More recently, atheists have argued that atheism only denotes a lack of theistic belief, rather than the active denial or claims of certainty it is often associated with.
I'm having a hard time seeing what point there could be in arguing that "atheism only denotes a lack of theistic belief." Note first that atheism cannot be identified with the lack of theistic belief, i.e., the mere absence of the belief that God exists, for that would imply that cabbages and tire irons are atheists. Note second that it won't do to say that atheism is the lack of theistic belief in persons, for there are persons incapable of forming beliefs. Charitably interpreted, then, the idea must be that atheism is the lack of theistic belief in persons capable of forming and maintaining beliefs.
But this cannot be right either, and for a very simple reason. Atheism is something people discuss, debate, argue for, argue against, draw conclusions from, believe, disbelieve, entertain, and so on. Atheism, in other words, is a PROPOSITION: it is something that can be either true or false, that can be the object of such propositional attitudes as belief and disbelief, and can stand in such logical relations to other propositions as entailment, consistency, and inconsistency. But one cannot discuss, debate, argue for, . . . believe, etc. a lack of something. Atheism redefined as the lack of theistic belief is a PROPERTY of certain persons. Now a proposition is not a property. Atheism is a proposition and for this reason cannot be redefined as a property.
Someone who understands this might nevertheless maintain that 'negative atheism' is a proposition, namely, the proposition that there are people capable of forming and maintaining beliefs who simply lack the belief that God exists. Admittedly, one could use 'atheism' as the label for the proposition that there are such people. But then atheism so defined would be trivially true. After all, no one denies that there are people capable of beliefs who lack the belief that God exists. Furthermore, if 'atheism' is so defined, then theism would be the view that there are persons capable of belief who have the belief that God exists. But then theism, too, would be trivially true. And if both are true, then they cannot be logical contradictories of each other as they must be if the terms are to mean anything useful.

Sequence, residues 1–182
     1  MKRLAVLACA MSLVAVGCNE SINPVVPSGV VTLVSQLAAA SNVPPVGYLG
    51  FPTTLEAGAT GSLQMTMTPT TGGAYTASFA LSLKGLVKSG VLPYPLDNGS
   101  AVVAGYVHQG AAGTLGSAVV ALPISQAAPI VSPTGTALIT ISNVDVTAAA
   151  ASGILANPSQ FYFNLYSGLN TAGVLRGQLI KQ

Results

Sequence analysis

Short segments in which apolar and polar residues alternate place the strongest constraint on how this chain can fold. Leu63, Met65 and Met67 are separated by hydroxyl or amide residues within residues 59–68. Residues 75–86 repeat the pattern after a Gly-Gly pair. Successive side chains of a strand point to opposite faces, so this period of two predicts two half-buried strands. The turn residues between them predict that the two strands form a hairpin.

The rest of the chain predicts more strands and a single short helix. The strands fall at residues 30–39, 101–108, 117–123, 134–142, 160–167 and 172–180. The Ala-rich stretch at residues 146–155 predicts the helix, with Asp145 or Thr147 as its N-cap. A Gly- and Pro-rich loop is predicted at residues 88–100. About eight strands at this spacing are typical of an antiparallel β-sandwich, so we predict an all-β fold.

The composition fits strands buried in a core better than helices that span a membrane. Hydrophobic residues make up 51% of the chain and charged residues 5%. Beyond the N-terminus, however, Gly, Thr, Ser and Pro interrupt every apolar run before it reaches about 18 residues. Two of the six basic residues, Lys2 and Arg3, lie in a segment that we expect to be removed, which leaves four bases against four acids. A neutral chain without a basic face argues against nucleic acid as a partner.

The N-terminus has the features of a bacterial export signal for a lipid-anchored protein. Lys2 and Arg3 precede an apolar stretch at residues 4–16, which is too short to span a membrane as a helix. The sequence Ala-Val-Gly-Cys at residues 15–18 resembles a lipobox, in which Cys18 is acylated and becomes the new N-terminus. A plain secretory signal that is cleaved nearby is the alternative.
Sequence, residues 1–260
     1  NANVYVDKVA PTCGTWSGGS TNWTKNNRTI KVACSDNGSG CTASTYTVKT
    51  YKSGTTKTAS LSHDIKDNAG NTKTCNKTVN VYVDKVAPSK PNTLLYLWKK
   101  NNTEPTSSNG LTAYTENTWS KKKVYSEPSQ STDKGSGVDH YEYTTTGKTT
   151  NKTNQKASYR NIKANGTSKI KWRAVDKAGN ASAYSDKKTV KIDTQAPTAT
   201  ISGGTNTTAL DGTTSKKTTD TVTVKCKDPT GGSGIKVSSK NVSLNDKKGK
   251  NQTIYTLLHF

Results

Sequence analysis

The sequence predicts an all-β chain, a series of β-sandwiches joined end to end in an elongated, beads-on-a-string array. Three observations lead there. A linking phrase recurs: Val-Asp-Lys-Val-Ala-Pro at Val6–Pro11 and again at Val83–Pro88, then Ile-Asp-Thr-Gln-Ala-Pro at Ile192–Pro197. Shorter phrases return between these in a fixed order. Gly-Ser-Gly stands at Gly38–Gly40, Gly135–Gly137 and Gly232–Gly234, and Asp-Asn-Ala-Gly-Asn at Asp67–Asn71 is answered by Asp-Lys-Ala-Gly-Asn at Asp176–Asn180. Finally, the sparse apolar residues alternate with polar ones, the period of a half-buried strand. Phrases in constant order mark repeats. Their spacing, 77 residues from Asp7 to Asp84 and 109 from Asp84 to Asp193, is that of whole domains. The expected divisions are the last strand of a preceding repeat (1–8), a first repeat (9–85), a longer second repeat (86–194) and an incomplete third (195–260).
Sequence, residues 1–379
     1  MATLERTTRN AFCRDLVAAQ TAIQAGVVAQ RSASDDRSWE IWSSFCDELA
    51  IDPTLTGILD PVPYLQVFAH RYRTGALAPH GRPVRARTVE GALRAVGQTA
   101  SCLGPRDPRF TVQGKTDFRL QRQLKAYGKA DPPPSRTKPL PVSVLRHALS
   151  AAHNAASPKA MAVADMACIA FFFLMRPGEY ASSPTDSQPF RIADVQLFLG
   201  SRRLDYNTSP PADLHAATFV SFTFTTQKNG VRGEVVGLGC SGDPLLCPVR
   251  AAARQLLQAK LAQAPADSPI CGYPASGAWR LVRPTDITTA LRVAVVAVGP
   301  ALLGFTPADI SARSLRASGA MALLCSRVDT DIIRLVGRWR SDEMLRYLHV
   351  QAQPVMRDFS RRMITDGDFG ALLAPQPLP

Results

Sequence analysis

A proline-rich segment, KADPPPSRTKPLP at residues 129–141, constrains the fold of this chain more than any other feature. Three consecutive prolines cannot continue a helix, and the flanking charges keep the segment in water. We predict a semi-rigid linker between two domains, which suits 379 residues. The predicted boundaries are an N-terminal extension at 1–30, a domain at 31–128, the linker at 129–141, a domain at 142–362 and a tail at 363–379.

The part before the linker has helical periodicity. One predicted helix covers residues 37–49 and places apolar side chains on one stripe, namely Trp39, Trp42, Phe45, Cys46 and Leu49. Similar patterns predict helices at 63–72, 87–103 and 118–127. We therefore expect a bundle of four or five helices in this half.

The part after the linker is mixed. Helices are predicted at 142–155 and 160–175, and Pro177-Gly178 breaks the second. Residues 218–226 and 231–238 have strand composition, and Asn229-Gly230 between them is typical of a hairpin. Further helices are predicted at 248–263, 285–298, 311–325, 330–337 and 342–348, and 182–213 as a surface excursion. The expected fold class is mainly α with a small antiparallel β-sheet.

Now what is the point of the terminological mischief perpetrated by these 'negative atheists'? It is terminological mischief because we have just seen it ruin two perfectly good words, 'atheism' and 'theism.' If atheism and theism are worth discussing, then atheism is the view that God does not exist and theism is the view that God does exist. ((I am assuming that by 'God' we understand that being who is the main target of the venom of militant atheists, namely, the God of the Abrahamic religions. We are not talking about Spinoza's deus sive natura or anything of that order.)
Consider the parallel case of a nominalist who for whatever reason does not want to be taken to be asserting any positive thesis. So instead of adhering to the standard understanding of 'nominalism' according to which it is the view that there are no universals and that particulars alone exist, he proposes to redefine 'nominalism' as the absence of the belief that there are universals.
But now the same problems arise. One cannot argue for or against nominalism if it is merely a lack of belief. And if you say that nominalism is the proposition that some people lack the belief in universals then that is true, but not worth arguing for or against. One does not argue for or against a trivially true thesis that all accept.
So what's going on here?